Canadian Manufacturing

Ottawa telecom firm targets U.S. SMBs for growth

Mitel says the embattled U.S. small business sector is its "sweet spot" and primed for a reboot

MONTREAL—Despite economic uncertainty in the U.S., telecom company Mitel Networks Corp. expects growth from small and medium-sized American businesses with its communications and Internet Protocol telephony services.

“It still has tremendous potential for us,” president and CEO Richard McBee said of the U.S. market.

The “sweet spot” for Mitel’s telecom services is U.S. businesses with 25 employees and small enterprises with about 1,000 employees, he said.

Mitel has customers in more than 100 countries, but McBee still sees plenty of growth in North America overall.

“The reality for Mitel is there’s a lot of room for us to run in the U.S. and Canada, so we’ll be focusing there first.”

The almost 40-year-old Ottawa company recently listed on the Toronto Stock Exchange to broaden its shareholder base after being traded on the NASDAQ since 2010.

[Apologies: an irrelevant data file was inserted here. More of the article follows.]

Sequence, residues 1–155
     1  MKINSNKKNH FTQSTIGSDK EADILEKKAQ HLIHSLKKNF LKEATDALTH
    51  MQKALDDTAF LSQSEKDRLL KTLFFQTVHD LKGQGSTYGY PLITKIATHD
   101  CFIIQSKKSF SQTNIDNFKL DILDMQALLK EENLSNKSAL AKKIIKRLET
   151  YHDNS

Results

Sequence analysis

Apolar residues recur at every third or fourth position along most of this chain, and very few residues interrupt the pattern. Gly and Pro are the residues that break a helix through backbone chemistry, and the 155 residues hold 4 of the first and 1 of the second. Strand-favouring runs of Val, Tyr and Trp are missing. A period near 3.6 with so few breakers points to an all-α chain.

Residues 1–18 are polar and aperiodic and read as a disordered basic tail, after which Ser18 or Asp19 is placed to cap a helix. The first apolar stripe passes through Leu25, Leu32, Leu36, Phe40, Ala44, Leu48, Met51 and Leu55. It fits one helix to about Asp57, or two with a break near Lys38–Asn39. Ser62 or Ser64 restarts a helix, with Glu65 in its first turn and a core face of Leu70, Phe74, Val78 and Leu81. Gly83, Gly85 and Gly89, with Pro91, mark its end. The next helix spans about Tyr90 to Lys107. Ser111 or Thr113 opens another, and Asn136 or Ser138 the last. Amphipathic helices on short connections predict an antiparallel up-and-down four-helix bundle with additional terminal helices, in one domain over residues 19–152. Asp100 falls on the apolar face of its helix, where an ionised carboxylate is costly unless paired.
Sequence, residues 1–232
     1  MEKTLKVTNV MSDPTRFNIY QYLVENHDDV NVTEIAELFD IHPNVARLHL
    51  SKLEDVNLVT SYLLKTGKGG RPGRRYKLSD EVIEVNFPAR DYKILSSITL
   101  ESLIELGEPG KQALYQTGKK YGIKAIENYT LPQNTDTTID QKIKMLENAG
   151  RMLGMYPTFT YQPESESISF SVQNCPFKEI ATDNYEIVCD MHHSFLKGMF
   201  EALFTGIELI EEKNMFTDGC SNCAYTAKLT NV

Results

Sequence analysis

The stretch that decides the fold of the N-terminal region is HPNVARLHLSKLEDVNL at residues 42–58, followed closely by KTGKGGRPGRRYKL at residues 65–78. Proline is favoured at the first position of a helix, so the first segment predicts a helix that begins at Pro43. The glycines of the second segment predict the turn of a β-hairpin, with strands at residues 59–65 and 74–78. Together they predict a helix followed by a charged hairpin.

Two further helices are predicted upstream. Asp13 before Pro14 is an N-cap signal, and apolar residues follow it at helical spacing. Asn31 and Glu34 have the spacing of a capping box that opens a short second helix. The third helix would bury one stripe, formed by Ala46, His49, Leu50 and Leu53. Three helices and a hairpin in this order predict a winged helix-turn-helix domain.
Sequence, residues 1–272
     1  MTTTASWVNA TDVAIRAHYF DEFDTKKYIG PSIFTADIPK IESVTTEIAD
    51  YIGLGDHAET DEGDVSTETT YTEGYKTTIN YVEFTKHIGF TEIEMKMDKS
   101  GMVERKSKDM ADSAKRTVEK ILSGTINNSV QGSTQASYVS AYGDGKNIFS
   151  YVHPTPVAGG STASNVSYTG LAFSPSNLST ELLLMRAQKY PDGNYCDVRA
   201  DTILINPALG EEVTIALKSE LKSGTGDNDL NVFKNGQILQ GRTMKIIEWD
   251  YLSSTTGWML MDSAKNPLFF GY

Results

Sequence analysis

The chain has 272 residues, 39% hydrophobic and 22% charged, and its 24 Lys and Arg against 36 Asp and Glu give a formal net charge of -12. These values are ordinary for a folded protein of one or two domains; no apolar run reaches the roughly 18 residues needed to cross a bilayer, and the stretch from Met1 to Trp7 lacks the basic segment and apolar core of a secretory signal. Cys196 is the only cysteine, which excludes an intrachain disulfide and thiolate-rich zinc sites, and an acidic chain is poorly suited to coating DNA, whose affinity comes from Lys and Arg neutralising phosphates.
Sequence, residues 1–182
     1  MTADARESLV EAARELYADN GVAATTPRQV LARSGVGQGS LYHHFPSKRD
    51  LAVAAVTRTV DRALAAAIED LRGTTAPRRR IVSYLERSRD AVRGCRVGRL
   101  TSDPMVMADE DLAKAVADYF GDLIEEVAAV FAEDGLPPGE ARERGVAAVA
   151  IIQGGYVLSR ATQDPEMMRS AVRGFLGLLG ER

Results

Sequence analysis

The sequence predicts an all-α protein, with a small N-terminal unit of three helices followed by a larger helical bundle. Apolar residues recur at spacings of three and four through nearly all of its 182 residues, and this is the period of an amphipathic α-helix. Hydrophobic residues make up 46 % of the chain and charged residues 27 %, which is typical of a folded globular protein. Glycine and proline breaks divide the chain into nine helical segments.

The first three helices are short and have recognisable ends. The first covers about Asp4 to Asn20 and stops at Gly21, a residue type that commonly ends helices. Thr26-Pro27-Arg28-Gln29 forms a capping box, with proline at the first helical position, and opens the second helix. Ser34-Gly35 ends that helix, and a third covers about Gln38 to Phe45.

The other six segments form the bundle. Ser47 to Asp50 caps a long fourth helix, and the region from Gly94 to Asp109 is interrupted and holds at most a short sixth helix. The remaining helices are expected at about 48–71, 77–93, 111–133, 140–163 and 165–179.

McBee, who became chief executive 18 months ago, noted the amount of software in phones and networks is “very big.”

“Whether it’s any type of mobile device, whether it’s a mobile phone or whether it’s an iPad, or whether it’s a desk phone, we have software that link all of these things together that allow a seamless experience for them to basically connect business,” he said.

M Partners analyst Ron Shuttleworth, whose firm was the first to initiate Canadian coverage of Mitel, said the company is known for its software service that helps companies use fewer servers for their applications.

“When you’re not running a gigantic bank of servers, you don’t have to hire too many guys to watch the servers,” he said. “This is what’s giving them the winning edge in this space.”

“In North America Mitel Networks ranks third behind Cisco and Avaya,” he said in a recent research note. “In the UK, due to a favourable channel relationship with British Telecom, Mitel ranks second behind only Cisco.”

Mitel was founded in 1973 and was one of Canada’s early technology success stories with sales of office phone systems to companies and public sector agencies around the world.

A predecessor of the company was also publicly traded on Canada’s largest stock exchange before Mitel was purchased in the 1980s and taken private. It has since gone through numerous transformations, including its split from Zarlink Semiconductors several years ago.

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